Detective David Holguin investigated the case after deputies were called out on July 7, to 7390 Rockhound Road SE in reference to the dead animals. Deputies met with the property owner Raymond Schmal who told deputies the animals succumb due to an employees’ negligence.

The LCSO report indicated over 100 dogs were at the facility.

Detective Holguin said the case is closed, pending court proceedings on the charges against Muir.

The sanctuary is one of eight licensed through the Deming-Luna County Humane Society and follows state licensing and inspection procedures on a routine basis. At the last inspection date, Ruff Ruff Animal Sanctuary and seven other facilities met the state and local licensing inspections.

There have been no animals added to the sanctuary since the first of the year, according to Matt Robinson, president of the LCHS.

An out-of-town veterinarian was called in to check on the animals kept at the sanctuary, and all were certified to be in good health by the vet.

“I got off phone with our county attorney, and our reports will be presented to him next week,” said LCHS Board Member Sande Foster.

Bill Armendariz can be reached at 575-546-2611 (ext. 2606) or

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10 beneficial acupressure points for weight loss and good health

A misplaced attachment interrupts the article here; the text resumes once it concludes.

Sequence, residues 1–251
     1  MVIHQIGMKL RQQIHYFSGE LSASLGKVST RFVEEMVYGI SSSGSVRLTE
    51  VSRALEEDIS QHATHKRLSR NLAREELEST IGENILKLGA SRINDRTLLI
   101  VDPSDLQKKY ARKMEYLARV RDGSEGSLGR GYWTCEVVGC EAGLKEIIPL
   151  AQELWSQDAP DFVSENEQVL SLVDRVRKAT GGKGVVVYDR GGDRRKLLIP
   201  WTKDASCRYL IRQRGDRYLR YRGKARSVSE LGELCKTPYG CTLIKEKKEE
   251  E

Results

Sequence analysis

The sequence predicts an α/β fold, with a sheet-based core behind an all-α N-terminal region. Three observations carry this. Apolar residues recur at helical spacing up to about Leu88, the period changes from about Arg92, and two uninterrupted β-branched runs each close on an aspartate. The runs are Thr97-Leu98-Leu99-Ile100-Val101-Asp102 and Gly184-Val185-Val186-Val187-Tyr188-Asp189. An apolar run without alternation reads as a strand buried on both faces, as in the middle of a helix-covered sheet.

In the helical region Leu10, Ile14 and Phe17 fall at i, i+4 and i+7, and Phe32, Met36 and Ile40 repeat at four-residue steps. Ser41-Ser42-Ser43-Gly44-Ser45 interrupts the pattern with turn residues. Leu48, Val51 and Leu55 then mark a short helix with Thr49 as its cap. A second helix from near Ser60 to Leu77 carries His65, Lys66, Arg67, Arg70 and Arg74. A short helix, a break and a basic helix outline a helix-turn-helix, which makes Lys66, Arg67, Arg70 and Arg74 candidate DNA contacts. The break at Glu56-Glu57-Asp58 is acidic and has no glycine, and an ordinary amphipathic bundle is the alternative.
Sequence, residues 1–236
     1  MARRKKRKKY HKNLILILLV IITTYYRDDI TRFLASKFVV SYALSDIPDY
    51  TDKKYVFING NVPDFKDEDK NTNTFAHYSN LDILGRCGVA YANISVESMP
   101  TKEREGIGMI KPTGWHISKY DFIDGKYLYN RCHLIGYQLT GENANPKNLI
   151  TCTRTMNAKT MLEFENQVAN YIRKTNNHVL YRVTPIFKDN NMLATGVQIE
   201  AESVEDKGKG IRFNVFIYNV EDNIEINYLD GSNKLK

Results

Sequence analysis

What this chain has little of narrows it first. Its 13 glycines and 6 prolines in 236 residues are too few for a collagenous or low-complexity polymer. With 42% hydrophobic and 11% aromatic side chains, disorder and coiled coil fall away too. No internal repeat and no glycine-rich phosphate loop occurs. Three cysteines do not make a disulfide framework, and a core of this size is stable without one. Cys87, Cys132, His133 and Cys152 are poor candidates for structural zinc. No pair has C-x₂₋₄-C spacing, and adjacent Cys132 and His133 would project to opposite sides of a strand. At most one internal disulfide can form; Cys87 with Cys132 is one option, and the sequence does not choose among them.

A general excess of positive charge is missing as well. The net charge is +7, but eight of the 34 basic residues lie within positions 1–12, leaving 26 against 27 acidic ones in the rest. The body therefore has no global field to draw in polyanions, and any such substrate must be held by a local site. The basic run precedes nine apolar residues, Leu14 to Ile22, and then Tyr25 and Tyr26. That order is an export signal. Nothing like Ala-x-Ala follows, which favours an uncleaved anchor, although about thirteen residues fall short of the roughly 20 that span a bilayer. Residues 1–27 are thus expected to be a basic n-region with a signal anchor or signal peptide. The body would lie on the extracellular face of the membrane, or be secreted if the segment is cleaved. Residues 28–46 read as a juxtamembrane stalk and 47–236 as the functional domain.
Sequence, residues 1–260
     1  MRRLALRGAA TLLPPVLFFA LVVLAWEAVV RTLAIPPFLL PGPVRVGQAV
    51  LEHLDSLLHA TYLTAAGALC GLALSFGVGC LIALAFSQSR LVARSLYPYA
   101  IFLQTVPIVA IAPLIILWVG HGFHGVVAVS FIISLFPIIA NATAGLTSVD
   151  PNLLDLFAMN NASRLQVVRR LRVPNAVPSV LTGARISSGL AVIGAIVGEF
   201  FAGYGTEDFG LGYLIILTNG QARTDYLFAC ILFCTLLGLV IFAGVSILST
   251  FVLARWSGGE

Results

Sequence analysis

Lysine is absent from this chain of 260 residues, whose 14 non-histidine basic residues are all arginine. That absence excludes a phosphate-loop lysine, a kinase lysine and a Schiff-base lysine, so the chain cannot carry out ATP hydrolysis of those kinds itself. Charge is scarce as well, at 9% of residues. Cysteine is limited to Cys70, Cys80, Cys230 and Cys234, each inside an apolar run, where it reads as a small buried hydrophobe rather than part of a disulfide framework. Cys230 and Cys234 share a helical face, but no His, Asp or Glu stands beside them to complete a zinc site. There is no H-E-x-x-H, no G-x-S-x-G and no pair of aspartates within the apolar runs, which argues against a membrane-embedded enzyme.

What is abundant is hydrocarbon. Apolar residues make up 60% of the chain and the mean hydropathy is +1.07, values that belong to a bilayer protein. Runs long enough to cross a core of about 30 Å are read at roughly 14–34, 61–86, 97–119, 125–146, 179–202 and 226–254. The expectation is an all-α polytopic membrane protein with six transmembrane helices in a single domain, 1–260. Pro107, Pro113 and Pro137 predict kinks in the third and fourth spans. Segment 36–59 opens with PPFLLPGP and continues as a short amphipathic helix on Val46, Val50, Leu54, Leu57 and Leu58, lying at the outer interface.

Acupressure is based on the concept of life energy flowing through different meridians in the body. So, just by pressing certain points in the body, you can clear any blockage in the meridians and treat different diseases. “Studies have suggested that acupressure is effective in treating nausea and vomiting, lower back pain, tension headaches and stomach ache,” says Dr Manoj Kutteri, wellness director at Atmantan Wellness Centre. Some points can also help with weight loss.

According to acupressure, vital energy or “qi” flows through the body. When the flow is smooth, you enjoy good health but if it is blocked, acupressure can restore the body’s balance. Some of the problems that acupressure can effectively resolve are arthritis, fibromyalgia, sciatica, hypertension, digestive disorders, menstrual Irregularities, sexual disorders and insomnia.

Also read: Diet tip, avoid these 5 foods in your 30s for weight loss and good health

Dr Kutteri says the objective of treatment varies based on the status of qi. “Weak qi requires toning, blocked qi need to be dispersed, and overactive qi has to be calmed,” says Dr Kutteri.

When you apply pressure to a point, maintain pressure on it for 2 to 3 minutes. Massaging the area won’t have the same effect. “Slowly increase and decrease the amount of pressure to allow time for the tissues to respond. On applying pressure, you may feel a gentle healing pain. If the pain is too severe, the treatment has to be stopped. As you keep applying pressure on the acupressure point, you will feel an easing of pain and discomfort from the area,” says Dr Kutteri.